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Literary Paritantra (Systems) Vol 1 Nos 1 & 2 Basant (Spring) 2009, 77-82

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The Postmodern Cultural Matrix and the Post-industrial Social Structure: Don DeLillos White Noise
Adrene Freeda Dcruz
Department of Humanities and Social Sciences Indian Institute of Technology Kanpur, India

Abstract
Don DeLillos White Noise (1984) maps the contours of the postmodern consumer society that is characterized by an abundance of mass produced objects. Locating the events in a technologically oriented post-industrial environment, White Noise critiques the traditional notions of origin and monolithic truth posited in the representation of any event. In doing so, DeLillo effectively underscores the fruition of the postmodern aesthetics of copies without original. Besides, the novel highlights some of the salient features of the consumer society in the light of Jean Baudrillards theoretical insights. Representing such a postmodern society saturated by media events, White Noise enumerates the workings of technocapitalism as the technologically driven events in the novel construct a new social order in the post-industrial town of Blacksmith. In spelling out the postmodern phenomenon of copies devoid of originals, this essay focuses on DeLillos critique of commodity culture on ecological as well as ethical grounds.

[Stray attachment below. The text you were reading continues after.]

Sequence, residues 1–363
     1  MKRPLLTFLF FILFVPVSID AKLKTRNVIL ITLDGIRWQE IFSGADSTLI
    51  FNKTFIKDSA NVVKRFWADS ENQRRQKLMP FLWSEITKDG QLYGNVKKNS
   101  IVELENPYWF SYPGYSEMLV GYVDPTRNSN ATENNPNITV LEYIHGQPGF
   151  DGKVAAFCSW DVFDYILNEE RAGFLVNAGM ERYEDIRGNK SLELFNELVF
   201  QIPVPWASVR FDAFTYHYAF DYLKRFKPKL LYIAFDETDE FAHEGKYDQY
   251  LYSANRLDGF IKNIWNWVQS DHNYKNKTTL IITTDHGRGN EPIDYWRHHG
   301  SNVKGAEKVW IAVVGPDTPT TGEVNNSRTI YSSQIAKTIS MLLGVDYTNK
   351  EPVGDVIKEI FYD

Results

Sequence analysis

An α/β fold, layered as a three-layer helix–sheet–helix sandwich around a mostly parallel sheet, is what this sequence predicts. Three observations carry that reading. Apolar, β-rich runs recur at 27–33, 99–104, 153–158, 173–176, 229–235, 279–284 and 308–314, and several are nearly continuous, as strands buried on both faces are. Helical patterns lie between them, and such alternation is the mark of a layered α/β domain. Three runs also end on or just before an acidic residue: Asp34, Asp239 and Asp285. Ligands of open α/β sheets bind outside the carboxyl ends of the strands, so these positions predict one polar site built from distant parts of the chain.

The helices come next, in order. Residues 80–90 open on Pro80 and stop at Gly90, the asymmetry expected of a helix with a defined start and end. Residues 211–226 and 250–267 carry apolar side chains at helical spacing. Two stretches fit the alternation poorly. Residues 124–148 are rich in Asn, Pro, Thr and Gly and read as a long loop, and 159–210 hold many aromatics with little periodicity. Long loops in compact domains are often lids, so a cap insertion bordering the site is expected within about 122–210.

Set in the post-industrial era, Don DeLillos White Noise (1984), captures the ethos of the postmodern consumer society by specifically analyzing the technologically oriented environment. While in the first phase of his writing careerfrom Americana to The NamesDeLillo explores themes such as baseball as a national game, the function of names, the indeterminacy of language, and the critique of historical accuracy, in White Noise the novelist deals with the upcoming consumer society in a small town named Blacksmith where technological expertise and the image of overabundance of objects make up the structure and fabric of the society. This essay examines the mushrooming consumer society of Blacksmith by analyzing how DeLillo blends the post- industrial consumer society with the postmodernist aesthetics of copies without original. Far from being a mere commercial enterprise, supermarkets in White Noise are the centers of American magic and dread (19) and play a prominent role in articulating some of the principal characteristics of the postmodern consumer society in general. DeLillo designates the consumers as masses who, guided by the flickering images on the screen, throng the object centered supermarkets. In the wake of technological boom, consumers in White Noise adorn the object oriented outlook, and this inclination links the question of consumerism in the novel to Jean Baudrillards analysis of consumer behaviour in The Consumer Society. For Baudrillard, the quintessential feature of postmodern consumer society is that the humans of the age of affluence are surrounded not so much by other human beings, as they were in previous ages, but by objects (25). Besides, with their dazzling hedgerows (167) supermarkets metaphorically stand for the postmodernist notion of abundance: